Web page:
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a commute with a (different) view

the old Hardwick Woolen Mill

One of the more interesting benefits of becoming involved with our local American Red Cross chapter has been the change of scenery from my cycling commute point of view.  Riding to the chapter office a couple of times a month has been a chance to leave the old barns, the fields of cows, and ride into the old industrial part of town on largely deserted old streets.  The view is gritty, tough, battered and even decaying and crumbling in places – but (and it might sound crazy) I’ve enjoyed the departure from green fields.


I’ve taken my camera along on a couple of past trips, but never managed to stop and explore for one reason or another – running late to a meeting, getting rained on, running out of daylight, or (recently) not wanting to stop in the sweltering heat.

Today things were in my favor to linger and look around.  The building I have always been most fascinated with is the old Hardwick Woolen Mill.

back in the day ... the old Hardwick Woolen Mill (postcard)

today ... the old Hardwick Woolen Mill, not so postcard-ish

Built in 1890, it had once been used to process wool produced from local farms – “the entire process of cleaning, drying, weaving, cutting, and sewing was performed at the Mill”, according to information on The Old Woolen Mill website.  Although there has been a vision to revitalize the old building and convert it into a combination of retail, commercial and residential space, it’s been a struggle.  To date, there has been only minimal development – most of the property continues to crumble and deteriorate, sadly.  To some extent, I suppose it mirrors the economy…

I’d like to think that someday it might be vibrant again … meanwhile, I can’t help but enjoy the patchwork of the broken windows and other old things left behind.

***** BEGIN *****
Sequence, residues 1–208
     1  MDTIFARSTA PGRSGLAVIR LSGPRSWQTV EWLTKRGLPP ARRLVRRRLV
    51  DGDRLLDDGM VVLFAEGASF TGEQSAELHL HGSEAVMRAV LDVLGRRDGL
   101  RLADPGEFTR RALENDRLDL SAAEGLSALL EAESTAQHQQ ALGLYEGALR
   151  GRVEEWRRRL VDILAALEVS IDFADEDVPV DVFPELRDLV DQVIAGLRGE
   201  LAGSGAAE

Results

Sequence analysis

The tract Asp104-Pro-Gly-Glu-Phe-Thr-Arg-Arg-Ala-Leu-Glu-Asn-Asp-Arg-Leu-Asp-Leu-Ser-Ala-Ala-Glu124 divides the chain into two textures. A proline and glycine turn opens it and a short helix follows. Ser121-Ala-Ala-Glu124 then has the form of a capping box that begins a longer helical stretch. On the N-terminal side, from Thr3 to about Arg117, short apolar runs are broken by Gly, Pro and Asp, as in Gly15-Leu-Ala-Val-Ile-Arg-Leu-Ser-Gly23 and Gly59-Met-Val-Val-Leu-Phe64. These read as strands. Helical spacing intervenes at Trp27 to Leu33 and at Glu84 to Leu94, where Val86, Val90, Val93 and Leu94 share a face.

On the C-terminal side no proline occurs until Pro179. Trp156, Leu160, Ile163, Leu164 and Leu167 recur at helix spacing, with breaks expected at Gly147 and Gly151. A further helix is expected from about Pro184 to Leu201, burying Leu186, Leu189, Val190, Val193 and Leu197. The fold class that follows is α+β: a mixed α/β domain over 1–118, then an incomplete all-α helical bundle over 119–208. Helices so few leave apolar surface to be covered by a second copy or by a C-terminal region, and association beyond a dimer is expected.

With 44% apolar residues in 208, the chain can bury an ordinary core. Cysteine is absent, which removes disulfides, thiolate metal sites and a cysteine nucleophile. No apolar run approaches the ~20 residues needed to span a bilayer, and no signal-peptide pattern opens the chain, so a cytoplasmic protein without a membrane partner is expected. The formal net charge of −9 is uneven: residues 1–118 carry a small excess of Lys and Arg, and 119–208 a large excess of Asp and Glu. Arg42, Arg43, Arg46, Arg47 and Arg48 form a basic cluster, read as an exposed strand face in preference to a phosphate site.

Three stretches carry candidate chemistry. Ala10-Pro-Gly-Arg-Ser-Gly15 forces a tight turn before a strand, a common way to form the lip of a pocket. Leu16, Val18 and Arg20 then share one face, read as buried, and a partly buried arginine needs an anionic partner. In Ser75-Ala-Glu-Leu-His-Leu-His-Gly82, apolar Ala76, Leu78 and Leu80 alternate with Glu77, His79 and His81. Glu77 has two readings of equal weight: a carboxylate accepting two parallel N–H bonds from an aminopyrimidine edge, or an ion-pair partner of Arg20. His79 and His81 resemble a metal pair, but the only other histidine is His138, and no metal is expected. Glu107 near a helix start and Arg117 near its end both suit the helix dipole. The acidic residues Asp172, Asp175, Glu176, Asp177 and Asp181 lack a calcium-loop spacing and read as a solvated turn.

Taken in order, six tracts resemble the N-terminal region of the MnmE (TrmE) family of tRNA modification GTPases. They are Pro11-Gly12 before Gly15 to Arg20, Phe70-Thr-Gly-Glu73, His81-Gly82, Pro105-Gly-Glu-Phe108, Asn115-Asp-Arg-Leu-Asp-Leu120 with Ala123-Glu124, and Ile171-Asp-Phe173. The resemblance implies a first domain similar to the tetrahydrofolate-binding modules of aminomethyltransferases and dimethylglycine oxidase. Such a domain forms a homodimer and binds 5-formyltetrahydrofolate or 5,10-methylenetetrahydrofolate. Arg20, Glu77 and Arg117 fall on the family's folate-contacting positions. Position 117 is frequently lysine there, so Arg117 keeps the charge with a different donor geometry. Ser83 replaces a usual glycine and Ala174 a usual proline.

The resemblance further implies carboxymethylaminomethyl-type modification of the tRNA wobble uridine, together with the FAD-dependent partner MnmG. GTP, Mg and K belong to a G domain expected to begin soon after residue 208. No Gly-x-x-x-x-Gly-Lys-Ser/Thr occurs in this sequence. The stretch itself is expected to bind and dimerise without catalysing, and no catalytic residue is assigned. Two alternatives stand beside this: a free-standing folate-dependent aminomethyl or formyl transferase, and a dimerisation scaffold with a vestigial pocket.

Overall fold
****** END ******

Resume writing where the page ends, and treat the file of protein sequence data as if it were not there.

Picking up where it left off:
patchwork of old broken windows; Hardwick Woolen Mill

Boiler Company door on the Hardwick Woolen Mill building

the very great people at the Red Cross let me bring my bike inside while I work 🙂

Posted by savaconta on August 15, 2011
  1. 08/15/2011

    great photos!

  2. 08/15/2011

    That’s one of our favorite places – while it looks empty a fair amount of it is in use. Josh Coleman has his sculpture studio back near where you took those pics, you’d just never know where unless you were there when he was. You got some great photos!

    • 08/16/2011

      THanks Jenn – I really need more time around there to investigate; I’ve never been inside where the newer stuff is. I was just a little surprised by one of the areas that had looked like it had been refurbished, but appeared almost abandoned (blinds were messed up, junk sitting outside, not in great shape as I’d expect it to be). Not sure what it was, but possibly one of the apartments (?). Regardless, it really is such a cool place. Would love to see it really take off.

  3. 08/15/2011

    Gosh, those the postcard and photos of the mill are cool. Not many mills still in operation in the US anymore. Hope that somehow the building can be re-purposed.

    And aren’t you volunteering for the Red Cross – seems like bike storage isn’t that big of a perk

    • 08/16/2011

      Thanks Renee … it’s fascinating to envision it during its hey-day, for sure. I’d like to hope it will someday recover – in a new form, anyway. And yes – I am a volunteer with ARC, but it still feels pretty *special* to be able to bring my bike inside with me 🙂 (silly, I know). They are a great bunch of people.

  4. 08/16/2011

    I love these photos…. I’ve been trying to take more photos of my bike during my rides. Yours are very creative.

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